Robert Tanitch reviews two books
Vermeer in Detail by George Schwartz (Ludion £34-95)
I think it would be impossible to love someone who did not love the Dutch painter (1632-1675).
Vermeer, flawless in composition and handling of light, is there for all to see. Schwartz gets really close. The subtle, sensual and understated domestic scenes, interior and exterior, have a powerful reality. The detail is amazing
The portraits are dominated by young women with water pitchers, wine glasses, virginals, lutes and harpsichords and lovers. There are so many love letters. Everyone is dressed according to her station, mistress, maid, and servant. These young women with their ear rings, head scarves, shawls, lace, awake, working, asleep, laughing, mysterious, charming, seductive, flirtations, are always available. Interrupted they turn to look over their shoulders and catch us looking at them.
The portraits have serenity, harmony and psychological depth. The volume is going to give a lot of pleasure.
Alcohol (Fuel £19.95)
More than any other people in the world the Russians are devoted to drinking. These Russian posters are from 1960 to the 1980s and focus in particular on Mikhail Gorbachev’s Campaign to sober up the nation.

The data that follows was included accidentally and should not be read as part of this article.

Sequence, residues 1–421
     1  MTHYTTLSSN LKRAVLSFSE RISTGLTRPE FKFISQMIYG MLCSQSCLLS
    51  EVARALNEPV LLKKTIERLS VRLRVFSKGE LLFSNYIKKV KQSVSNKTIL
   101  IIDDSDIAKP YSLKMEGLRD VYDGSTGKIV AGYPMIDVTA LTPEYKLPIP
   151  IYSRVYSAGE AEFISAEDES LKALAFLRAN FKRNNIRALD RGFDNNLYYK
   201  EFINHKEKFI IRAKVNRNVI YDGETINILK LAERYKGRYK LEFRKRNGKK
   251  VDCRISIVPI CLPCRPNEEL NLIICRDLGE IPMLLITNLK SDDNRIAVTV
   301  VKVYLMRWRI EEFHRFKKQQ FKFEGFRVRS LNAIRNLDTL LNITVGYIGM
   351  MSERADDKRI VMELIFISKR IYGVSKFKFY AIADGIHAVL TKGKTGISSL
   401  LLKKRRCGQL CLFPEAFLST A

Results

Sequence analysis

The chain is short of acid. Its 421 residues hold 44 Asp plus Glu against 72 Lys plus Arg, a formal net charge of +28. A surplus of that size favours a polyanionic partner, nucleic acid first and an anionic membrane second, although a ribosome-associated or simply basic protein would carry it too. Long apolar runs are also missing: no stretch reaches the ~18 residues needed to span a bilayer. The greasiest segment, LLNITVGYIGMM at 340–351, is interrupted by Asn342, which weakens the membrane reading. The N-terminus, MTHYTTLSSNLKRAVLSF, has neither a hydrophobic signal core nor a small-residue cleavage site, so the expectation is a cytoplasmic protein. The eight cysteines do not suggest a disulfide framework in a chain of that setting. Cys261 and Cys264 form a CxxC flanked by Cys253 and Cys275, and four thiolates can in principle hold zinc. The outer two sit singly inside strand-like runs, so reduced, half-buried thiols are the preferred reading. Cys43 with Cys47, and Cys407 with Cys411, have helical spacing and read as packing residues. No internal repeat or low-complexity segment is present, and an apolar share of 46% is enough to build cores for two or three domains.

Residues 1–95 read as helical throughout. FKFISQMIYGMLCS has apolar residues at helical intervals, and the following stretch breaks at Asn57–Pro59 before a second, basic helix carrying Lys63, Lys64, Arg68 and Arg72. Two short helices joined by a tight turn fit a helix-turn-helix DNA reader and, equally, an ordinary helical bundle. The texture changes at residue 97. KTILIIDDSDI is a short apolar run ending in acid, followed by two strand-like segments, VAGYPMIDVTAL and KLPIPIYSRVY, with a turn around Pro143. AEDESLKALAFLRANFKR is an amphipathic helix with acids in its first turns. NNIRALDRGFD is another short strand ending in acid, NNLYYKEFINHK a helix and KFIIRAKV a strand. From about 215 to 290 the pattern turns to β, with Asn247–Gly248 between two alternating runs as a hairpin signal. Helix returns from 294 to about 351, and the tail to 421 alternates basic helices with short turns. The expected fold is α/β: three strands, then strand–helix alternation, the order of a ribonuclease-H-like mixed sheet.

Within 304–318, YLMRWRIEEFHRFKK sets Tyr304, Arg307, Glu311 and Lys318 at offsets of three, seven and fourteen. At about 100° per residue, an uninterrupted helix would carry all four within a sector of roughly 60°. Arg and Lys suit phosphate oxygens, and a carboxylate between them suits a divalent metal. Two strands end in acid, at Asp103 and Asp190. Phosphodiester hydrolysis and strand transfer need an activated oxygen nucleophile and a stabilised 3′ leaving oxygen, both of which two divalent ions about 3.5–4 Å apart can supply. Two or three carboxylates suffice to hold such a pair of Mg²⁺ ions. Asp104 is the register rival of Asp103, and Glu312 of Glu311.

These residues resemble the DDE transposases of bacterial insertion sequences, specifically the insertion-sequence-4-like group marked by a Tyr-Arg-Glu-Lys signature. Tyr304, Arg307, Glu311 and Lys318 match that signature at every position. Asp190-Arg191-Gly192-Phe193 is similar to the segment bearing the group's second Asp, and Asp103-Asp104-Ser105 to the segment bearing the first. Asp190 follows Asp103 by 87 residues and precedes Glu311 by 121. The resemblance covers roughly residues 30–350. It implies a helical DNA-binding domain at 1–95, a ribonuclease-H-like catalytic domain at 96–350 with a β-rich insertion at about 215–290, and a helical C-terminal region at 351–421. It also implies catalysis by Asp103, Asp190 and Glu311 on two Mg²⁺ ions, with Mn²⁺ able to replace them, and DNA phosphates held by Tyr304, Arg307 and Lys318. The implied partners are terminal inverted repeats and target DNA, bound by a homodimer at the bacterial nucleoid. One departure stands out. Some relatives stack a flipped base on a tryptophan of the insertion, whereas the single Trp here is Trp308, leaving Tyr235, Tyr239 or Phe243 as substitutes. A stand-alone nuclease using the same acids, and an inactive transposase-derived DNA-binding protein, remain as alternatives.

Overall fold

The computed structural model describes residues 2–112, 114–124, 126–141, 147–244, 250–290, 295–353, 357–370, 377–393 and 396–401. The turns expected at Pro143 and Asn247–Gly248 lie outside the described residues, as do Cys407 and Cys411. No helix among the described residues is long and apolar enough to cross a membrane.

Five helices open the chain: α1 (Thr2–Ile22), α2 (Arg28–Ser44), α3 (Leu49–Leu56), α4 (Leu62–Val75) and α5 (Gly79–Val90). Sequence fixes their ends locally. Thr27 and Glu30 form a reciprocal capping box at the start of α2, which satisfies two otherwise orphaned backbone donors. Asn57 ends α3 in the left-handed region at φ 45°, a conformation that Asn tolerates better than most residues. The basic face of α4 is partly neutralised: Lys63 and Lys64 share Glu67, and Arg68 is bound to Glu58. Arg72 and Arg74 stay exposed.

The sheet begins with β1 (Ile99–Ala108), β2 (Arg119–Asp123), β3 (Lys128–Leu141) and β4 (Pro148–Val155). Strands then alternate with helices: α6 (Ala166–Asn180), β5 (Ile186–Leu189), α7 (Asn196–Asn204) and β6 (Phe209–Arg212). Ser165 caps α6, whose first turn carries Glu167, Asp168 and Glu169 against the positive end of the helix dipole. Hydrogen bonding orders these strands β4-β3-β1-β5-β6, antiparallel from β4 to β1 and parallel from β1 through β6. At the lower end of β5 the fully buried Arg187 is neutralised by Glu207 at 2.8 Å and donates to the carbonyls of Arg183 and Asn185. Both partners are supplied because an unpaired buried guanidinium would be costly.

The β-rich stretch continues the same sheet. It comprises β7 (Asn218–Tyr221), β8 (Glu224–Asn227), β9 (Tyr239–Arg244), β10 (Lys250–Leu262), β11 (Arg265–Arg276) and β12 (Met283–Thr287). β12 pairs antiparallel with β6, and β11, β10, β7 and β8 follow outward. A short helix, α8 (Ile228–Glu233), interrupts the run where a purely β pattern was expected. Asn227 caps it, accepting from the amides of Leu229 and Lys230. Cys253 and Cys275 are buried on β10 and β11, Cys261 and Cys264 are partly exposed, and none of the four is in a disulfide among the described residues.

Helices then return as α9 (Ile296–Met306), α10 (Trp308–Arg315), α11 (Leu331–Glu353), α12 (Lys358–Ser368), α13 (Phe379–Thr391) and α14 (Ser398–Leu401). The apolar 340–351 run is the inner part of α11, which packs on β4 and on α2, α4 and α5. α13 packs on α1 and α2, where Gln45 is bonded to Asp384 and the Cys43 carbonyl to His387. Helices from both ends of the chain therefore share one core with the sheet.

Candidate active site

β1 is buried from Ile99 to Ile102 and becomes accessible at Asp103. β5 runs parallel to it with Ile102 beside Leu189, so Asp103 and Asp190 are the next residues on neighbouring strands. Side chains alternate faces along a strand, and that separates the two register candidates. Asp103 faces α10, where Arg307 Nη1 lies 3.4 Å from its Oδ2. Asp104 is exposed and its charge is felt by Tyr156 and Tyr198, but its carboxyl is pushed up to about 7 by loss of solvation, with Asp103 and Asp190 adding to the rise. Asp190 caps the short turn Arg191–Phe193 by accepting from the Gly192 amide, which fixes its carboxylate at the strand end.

The posters, crude, direct, bold and simplistic in their statements, are aimed at the coarsened, uneducated, work-shy working classes whose absenteeism and shoddy workmanship have played havoc with the economy – the government’s chief concern.
The message is repeated again and again: Alcohol is the enemy of production… Alcohol is evil… Drunkenness is criminal… Drunkenness won’t be tolerated.
The caricatures seem to depict a proletariat from another and earlier era.
The campaign failed. The public turned to other spirit substances, such as cologne, chemicals and pharmacy. The campaign was a key factor in the 1987 economic crisis.
This is a book to look at and read; and preferably with a bottle of Vodka by your side.